“For seven years, we haven’t had to worry about how we’re going to pay the mortgage; answer to our bosses’ outrageous demands for more hours and less pay; endure long, cold winters; or survive two-hour commutes in cars that were owned by the bank. Instead we’ve been enjoying the good life.”

“We’ve lived on the same budget for the past seven years ($1,317 a month), as we own our condo. Mark and I are able to live a comfortable lifestyle at a fraction of what it would cost in the States. And in less than a month, we’re giving ourselves a ‘raise’ when we are finally eligible for our Social Security checks. In the States, it wouldn’t be a big deal—we’d just be scraping by—but in Ecuador our “modest raise” is equivalent to winning the lottery.”

Janet Hitchens, a former nurse, and her husband John, a retired investor, first went to Santa Fe, Panama, to explore. “We both retired early,” says Janet. “We were looking for adventure, for something a little different. We were intrigued by Panama because it had a stable democracy and was easy to get to from the States. So, we arrived here in November 2005, without a word of Spanish, and decided to travel around for six months.

“I’m never bored here, but Santa Fe is for active retirees,” says Janet. “It’s for people who like hiking to discover new waterfalls and enjoying a potluck lunch with friends at the end of it, rather than going out to a fancy restaurant.

“Everyone who comes here reinvents themselves. Now my passion is travel. And Panama is a great hub to travel from. We’ve been to Peru recently, and with our pensionado [retirement] visa I was able to get round-trip tickets to the Caribbean island of Curaçao for only $230.”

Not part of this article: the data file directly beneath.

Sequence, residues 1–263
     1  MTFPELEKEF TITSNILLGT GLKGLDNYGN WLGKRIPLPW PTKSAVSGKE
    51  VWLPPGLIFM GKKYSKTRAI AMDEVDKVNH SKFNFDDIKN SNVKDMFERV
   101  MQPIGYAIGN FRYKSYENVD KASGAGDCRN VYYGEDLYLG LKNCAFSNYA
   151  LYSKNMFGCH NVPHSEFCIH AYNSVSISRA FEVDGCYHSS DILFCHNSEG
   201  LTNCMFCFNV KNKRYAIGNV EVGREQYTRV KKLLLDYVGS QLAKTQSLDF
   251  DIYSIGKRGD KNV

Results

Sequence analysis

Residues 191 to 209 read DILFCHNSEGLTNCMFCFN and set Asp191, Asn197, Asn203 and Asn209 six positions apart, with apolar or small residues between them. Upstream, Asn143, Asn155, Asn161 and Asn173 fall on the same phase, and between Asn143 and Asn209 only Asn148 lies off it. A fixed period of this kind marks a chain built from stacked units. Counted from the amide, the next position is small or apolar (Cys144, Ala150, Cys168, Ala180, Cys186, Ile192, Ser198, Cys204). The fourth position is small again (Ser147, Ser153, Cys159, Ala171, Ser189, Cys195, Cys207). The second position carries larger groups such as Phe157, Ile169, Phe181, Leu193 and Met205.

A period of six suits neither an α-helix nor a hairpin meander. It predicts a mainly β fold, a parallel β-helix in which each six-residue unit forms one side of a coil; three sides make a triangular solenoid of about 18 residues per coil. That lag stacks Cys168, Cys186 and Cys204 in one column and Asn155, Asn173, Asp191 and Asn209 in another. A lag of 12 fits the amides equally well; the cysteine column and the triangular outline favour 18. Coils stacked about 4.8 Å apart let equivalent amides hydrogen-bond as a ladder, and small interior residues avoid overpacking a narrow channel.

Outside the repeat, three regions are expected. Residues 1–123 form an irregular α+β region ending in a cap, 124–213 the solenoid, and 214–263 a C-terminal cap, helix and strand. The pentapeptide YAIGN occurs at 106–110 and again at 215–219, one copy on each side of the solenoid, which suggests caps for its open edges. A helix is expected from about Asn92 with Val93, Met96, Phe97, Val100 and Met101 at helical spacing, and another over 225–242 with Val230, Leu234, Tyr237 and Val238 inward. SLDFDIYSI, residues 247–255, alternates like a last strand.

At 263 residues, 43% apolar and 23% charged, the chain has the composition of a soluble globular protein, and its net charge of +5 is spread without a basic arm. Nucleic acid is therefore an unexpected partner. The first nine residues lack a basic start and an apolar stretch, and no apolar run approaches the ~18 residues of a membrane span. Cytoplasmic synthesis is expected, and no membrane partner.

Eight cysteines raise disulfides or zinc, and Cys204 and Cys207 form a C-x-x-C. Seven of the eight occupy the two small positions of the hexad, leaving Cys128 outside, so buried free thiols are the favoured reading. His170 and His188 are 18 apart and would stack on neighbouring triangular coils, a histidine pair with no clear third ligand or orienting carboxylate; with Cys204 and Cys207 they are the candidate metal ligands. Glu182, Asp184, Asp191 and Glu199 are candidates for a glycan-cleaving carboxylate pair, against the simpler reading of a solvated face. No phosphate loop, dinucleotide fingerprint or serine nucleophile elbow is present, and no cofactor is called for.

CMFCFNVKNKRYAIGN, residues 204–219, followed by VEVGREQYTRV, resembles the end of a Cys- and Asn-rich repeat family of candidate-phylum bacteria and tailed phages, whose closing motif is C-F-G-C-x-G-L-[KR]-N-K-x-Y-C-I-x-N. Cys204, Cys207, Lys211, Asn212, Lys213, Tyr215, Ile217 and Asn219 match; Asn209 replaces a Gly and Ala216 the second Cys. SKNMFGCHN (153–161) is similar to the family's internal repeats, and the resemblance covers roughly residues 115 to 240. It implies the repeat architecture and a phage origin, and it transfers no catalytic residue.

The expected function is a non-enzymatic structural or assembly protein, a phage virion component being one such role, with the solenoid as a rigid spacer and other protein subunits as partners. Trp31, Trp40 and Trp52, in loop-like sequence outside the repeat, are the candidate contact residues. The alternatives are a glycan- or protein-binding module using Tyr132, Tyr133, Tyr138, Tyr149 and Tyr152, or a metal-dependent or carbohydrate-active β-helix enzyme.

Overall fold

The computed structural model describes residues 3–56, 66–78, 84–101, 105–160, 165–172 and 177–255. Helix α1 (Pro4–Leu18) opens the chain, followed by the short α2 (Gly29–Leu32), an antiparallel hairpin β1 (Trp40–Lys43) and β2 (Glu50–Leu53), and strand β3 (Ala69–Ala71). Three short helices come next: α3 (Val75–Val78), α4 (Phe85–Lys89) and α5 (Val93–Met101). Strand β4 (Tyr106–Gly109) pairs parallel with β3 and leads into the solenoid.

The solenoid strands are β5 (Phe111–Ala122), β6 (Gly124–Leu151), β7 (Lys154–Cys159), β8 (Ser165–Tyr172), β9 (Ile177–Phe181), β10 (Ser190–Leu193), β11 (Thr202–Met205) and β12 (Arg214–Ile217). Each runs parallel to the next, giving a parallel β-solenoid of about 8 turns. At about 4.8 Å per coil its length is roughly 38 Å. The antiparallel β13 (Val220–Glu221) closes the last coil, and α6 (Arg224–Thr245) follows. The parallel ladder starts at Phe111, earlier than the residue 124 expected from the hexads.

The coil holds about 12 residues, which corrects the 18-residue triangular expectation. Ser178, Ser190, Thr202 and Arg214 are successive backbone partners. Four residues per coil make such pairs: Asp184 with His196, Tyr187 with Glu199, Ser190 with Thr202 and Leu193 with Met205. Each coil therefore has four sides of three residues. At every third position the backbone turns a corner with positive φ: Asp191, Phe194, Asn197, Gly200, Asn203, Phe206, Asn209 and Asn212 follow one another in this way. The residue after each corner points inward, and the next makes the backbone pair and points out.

“When people retire overseas they suddenly find they have more money left over for travel, to indulge themselves. They are essentially trading up,” says Stevens. And it’s not just in Latin America. Californian Tricia Pimental and her husband, Keith found they could trade up and retire early by moving to Portugal. “Keith and I immediately saw our expenses fall to between one-third and one-quarter of what they were back in the U.S. The truth is, almost everything in Portugal is less expensive. “

International Living’s Best Places to Retire 2017 can be found here: The World's Best Places to Retire in 2017.

Members of the media have full permission to republish the article linked above once credit is given to InternationalLiving.com.

Further information, as well as interviews with expert authors for radio, TV or print, is available on request. Photos are also available. To learn more please contact Internationalliving.com Associate Editor, Carol Barron, tel. (772) 678 – 0287, e-mail: CBarron(at)internationalliving.com; twitter: @inliving; facebook: International.Living

For 37 years, InternationalLiving.com has been the leading authority for anyone looking for global retirement or relocation opportunities. Through its monthly magazine and related e-letters, extensive website, podcasts, online bookstore, and events held around the world, InternationalLiving.com provides information and services to help its readers live better, travel farther, have more fun, save more money, and find better business opportunities when they expand their world beyond their own shores. InternationalLiving.com has more than 200 correspondents traveling the globe, investigating the best opportunities for travel, retirement, real estate, and investment.